Beverly Flanigan flanigan at OAK.CATS.OHIOU.EDU
Wed Mar 21 17:34:04 UTC 2001

Not just Pittsburghese!  As we've said before on this list, Pittsburgh
isn't as unique dialectally as it thinks it is.  Western PA forms extend
into southern Ohio and westward throughout the South Midland.  Of the
listed forms below, 'red up', 'slippy', and (more rarely) 'fornent' are
still used around here.  And does anyone know 'brigady' (various spellings
are found)?

At 03:43 AM 3/21/01 -0500, you wrote:
>Some Scotticisms noted in US English in an 1875 reference book:
>"anunder" = "under"
>"bowl" = "basin"
>"chuck" = "throw"
>"fornent" = "opposite"
>"glasses" = "spectacles"
>"[not a] hait" = "[not a] whit"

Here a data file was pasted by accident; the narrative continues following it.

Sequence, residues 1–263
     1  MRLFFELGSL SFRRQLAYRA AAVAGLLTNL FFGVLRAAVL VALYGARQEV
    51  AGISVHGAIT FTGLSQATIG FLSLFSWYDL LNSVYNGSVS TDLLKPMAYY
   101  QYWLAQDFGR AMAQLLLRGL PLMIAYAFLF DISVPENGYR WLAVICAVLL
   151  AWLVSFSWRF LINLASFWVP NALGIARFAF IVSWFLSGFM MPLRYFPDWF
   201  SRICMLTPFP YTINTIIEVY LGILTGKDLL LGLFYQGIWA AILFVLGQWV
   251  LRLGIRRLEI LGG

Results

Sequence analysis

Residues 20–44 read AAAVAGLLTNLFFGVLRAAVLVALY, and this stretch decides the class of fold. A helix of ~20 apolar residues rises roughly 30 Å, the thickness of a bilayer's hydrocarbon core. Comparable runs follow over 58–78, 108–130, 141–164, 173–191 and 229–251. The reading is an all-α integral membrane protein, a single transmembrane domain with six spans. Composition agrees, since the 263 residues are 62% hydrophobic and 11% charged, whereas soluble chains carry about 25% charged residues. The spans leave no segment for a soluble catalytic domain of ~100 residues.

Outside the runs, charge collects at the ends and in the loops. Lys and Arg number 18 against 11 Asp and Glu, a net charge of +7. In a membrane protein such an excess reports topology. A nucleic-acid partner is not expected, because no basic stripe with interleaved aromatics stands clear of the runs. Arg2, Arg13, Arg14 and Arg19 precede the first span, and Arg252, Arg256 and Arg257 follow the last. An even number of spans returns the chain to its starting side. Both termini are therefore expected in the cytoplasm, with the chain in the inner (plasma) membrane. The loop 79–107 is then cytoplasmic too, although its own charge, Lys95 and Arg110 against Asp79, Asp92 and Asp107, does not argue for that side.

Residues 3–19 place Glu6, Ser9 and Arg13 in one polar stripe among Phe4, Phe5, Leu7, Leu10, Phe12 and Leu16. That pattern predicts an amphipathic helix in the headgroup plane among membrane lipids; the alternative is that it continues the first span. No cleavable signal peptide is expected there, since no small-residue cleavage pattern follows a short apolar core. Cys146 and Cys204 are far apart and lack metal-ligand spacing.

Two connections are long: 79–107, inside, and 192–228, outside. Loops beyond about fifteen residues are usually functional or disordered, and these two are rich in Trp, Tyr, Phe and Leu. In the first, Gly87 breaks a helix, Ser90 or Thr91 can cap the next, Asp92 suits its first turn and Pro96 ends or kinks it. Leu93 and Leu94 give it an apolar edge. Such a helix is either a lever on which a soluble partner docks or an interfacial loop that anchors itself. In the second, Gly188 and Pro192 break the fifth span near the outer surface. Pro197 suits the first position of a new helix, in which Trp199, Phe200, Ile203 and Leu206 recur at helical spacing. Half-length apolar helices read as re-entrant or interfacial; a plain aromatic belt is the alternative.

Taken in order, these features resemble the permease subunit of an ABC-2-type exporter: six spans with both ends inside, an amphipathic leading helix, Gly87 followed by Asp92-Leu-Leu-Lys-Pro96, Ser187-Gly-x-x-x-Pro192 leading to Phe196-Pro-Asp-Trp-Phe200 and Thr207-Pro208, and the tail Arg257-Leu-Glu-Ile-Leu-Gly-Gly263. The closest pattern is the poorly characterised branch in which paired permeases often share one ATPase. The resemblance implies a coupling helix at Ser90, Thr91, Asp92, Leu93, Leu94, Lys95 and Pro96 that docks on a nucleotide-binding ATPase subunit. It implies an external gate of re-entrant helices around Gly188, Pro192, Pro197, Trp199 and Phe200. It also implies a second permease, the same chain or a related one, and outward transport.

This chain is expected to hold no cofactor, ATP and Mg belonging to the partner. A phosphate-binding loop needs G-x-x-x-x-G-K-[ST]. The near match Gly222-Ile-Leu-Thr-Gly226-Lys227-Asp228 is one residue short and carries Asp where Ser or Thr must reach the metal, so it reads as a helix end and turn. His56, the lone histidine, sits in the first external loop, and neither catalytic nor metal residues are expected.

>"red up" = "arrange"
>"slippy" = "slippery"
>"sundown" = "sunset"
>"tantrum" = "outburst"
>Some of these are now general, some obsolescent, some Pittsburghese.
>Questions for the dialectologists:
>(1) Is general Scots "hate"/"hait"/"haet" still in US use, as in "I don't
>give a hate" = "I don't give a damn", or "I haven't had a hait to eat all
>day"? (DARE shows an example as late as 1971. It's in the OED. It's not
>familiar to me.)
>(2) Is the general Scots word "rift" = "belch" still usual anywhere in the
>US besides Pittsburgh and vicinity? (Recently I met an adult native
>Pittsburgher who didn't recognize this word, so it may be on the way out.)
>-- Doug Wilson

Beverly Olson Flanigan         Department of Linguistics
Ohio University                     Athens, OH  45701
Ph.: (740) 593-4568              Fax: (740) 593-2967

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